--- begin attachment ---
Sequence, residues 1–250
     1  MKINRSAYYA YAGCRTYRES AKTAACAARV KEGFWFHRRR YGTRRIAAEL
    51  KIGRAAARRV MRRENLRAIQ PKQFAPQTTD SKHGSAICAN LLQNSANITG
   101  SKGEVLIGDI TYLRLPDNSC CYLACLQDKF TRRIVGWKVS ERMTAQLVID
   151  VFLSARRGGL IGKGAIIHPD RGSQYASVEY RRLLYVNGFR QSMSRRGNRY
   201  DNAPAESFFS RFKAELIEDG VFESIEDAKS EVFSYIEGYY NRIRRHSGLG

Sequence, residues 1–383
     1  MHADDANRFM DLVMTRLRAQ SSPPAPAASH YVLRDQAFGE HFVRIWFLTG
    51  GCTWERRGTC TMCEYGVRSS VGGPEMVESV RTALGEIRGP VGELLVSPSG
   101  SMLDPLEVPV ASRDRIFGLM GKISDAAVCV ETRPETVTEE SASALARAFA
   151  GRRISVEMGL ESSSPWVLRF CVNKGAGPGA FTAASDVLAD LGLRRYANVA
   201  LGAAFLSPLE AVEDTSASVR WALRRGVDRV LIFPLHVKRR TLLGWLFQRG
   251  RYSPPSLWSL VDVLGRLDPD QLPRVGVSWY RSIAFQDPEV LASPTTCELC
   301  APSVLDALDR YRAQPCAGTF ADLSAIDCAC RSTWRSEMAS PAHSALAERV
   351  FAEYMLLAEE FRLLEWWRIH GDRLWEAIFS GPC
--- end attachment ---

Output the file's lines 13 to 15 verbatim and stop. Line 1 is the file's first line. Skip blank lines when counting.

   251  RYSPPSLWSL VDVLGRLDPD QLPRVGVSWY RSIAFQDPEV LASPTTCELC
   301  APSVLDALDR YRAQPCAGTF ADLSAIDCAC RSTWRSEMAS PAHSALAERV
   351  FAEYMLLAEE FRLLEWWRIH GDRLWEAIFS GPC